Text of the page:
Virtually all of the apps I download have a purpose (most are native), and whether for news, social media, gaming, productivity, etc., they add some real value to my Q10. There are a select few on there for a different reason, however. The sole purpose of their existence is to look good, because I really like the app icons. I've never even opened some, while others were briefly explored and then abandoned.
Unlike Kevin's infamous Cesar HQ Limited Edition Desktop Clock App purchase, which at least had a level of curiosity and mystery behind it (Something special must live within such an expensive app, or so he thought), my special apps are basically mindless eye candy. I had no intention of actually utilizing any of them. At least for me, the first impression of the icons was enough to initiate a download.
So let's take a quick look at these app icons and further explore the mind of a madman.
- Halloween Skeleton Ragdoll by Nathan Caldwell: What can I say, the app icon is a skull. And an awesome, anatomically correct skull. This is a free app and apparently an interactive marionette of a skeleton, without the string. That's all there is to it. It's probably a fun way to kill time, but I've never actually opened the app and it sits on my phone like a genie trapped in a lamp. There's just something ominous about this skull and it's a door that will remain locked. Why open Pandora's Box? But it looks cool.
- rad.io by radio.de GmbH: This is actually a very popular app and carries the "Built for BlackBerry" designation. It's also free and provides access to over 10,000 radio stations, podcasts and more. I even know people that use and love this app. And who wouldn't? I'm sure it's great, but for whatever reason, I just don't use it. Maybe I'm too lazy to start exploring 10,000 stations. The reason I have it on my phone is very profound, though. If Shrek had taken a radio into one of the telepods in the movie "The Fly", he'd come out looking like rad.io's app icon. That's a degree of awesome that I can't even quantify.
- Recycle Bin For BlackBerry 10 by Miciniti: This also carries the "Built for BlackBerry" designation and allows users to protect files in a secure location, either on the phone or an installed memory card. There are a lot of features, including the ability to move single or multiple files, move files or folders from within an app, and so on. While not free, the $1.99 price seems more than fair for what it provides. So why do I have it? The icon resembles the Recycle Bin from my old Windows 7 computer. Maybe it's nostalgia or maybe I wish my BlackBerry ran Windows 7 (trust me, I don't), but whatever the reason, I like having it on my first page of apps. It just looks important.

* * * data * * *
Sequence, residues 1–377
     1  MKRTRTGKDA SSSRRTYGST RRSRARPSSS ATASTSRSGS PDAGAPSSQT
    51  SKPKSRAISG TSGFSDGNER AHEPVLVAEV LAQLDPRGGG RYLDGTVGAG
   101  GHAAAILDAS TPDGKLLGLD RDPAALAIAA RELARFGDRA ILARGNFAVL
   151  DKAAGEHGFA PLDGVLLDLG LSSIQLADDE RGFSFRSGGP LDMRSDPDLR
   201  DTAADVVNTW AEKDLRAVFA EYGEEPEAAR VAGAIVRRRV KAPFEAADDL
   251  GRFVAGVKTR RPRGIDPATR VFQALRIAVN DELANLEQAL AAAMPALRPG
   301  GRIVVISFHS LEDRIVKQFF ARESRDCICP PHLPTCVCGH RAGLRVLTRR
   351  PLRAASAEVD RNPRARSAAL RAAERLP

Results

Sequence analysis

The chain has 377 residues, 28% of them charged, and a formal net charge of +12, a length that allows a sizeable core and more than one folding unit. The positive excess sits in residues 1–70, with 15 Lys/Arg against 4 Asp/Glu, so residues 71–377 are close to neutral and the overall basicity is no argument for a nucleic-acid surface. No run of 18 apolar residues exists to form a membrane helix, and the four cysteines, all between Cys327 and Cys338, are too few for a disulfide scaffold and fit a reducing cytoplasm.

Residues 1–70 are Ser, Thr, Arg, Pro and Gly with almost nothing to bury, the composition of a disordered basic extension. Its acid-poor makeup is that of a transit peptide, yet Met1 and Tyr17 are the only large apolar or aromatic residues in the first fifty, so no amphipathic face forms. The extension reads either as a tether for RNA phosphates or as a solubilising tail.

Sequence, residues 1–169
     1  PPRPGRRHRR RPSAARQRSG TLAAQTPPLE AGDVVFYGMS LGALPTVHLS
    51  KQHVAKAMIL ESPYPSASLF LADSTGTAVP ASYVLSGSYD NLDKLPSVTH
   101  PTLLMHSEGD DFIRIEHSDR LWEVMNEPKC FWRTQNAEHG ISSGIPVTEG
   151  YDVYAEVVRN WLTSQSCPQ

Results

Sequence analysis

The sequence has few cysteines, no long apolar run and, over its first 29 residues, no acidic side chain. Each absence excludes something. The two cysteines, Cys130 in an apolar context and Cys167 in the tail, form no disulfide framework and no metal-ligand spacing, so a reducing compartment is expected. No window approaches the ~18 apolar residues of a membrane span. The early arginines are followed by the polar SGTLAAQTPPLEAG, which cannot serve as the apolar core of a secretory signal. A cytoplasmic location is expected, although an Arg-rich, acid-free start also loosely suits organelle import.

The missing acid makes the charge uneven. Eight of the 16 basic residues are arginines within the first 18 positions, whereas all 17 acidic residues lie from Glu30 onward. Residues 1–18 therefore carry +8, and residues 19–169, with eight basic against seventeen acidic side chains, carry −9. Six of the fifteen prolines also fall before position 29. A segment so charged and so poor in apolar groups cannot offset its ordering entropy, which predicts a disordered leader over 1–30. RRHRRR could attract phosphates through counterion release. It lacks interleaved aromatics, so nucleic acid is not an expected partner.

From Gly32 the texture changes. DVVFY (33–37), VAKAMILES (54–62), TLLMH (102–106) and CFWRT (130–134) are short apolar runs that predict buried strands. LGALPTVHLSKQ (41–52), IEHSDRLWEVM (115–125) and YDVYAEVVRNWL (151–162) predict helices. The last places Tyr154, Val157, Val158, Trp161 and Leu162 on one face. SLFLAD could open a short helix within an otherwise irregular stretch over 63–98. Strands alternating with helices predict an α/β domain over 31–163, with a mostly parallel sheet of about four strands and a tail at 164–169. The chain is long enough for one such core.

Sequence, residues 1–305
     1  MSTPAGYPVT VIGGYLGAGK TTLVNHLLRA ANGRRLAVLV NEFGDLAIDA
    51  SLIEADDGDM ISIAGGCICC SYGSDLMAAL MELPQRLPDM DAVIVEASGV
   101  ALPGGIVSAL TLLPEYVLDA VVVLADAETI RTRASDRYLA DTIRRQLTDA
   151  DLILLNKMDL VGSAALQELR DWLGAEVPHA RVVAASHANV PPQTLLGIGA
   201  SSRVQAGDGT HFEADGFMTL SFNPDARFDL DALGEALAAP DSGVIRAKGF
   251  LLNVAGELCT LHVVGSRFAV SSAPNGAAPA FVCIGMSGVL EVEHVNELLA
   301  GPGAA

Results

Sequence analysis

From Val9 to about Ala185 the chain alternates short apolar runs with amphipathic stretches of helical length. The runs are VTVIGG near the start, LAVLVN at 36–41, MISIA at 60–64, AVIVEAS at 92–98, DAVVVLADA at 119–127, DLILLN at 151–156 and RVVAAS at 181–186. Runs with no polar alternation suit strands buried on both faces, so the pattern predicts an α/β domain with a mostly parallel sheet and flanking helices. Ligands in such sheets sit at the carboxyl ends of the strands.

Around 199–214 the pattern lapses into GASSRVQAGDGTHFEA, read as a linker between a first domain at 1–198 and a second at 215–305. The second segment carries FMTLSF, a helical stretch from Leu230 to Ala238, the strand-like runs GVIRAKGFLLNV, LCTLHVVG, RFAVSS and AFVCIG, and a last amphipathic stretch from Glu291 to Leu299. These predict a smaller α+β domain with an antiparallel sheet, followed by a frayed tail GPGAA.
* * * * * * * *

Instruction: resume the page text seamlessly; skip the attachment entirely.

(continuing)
- Hungry Cat Mahjong by Wangpengfei: From what I can gather, this is a version of Lianliankan. It involves a cat or kittens and Mahjong tiles probably play a role. I don't think English is the first language of the descriptions author. "More than more than 200 points, the girls absolutely love, is definitely not ordinary Lianliankan!" is part of the description. I bet it's fun, but I'm completely lost. The official description is just over my head. The app icon has what appears to be a yawning cat head over Mahjong tiles, but it really looks like a drunk cat having a fun night in Vegas. And "the girls absolutely love". Well, that's good enough for my phone. It's also free, though the reviews are pretty bad! Still, awesome icon.
- Wizard's Choice Volume 1 by D_Light Games: This is a free RPG (role playing game), is text-based and a "Dungeons & Dragons" style adventure. It's a story that the player controls, as "decisions are affected by earlier decisions". I'm not a real gamer (Angry Birds is more my speed) so this one will probably never get played, but I'm sure it's fun nonetheless. It's also part of a series with many volumes. The true genius lies in the app icon design, which has a cute girl in a medieval bikini holding a red light. And she looks like she's about to kick some butt. Maybe I just feel the need to have Xena: Warrior Princess on my phone. It's amazing what can happen when I'm stuck in gridlock traffic, like downloading Wizard's Choice Volume 1.
Of course, having these apps on my list doesn't imply that they aren't great and designed by hard working, dedicated developers. It does, however, indicate the importance of icon appearance, especially for lesser known apps. I'm sure Facebook, Twitter, BBM and Password Keeper could get away with icons looking like a used diaper, but when browsing around an app store, an icons appearance provides an important first impression. When you think about it, the majority of developers are hitchhiking as we drive around, so they better dress their apps in the best outfits possible. Even Apple's new icons were controversial when iOS 7 launched (many still hate them), further illustrating how important icon design is.
Developers work a lot harder than me when creating an app and they're truly the backbone of an operating system, but neglecting the app icon is comparable to pushing out a horrible trailer to an otherwise good movie. Many of you have probably also downloaded apps that are rarely, if ever, used based on the icon. If you haven't tried some of the apps on my list, give one or all a try. You just might find your next favorite. And let me know what "vanity" icons you have on your BlackBerry. How important is icon appearance to you?
[This post was written by Erik Slaven, CrackBerry member camera531, as part of CrackBerry's Community Homepage Contributions initiative]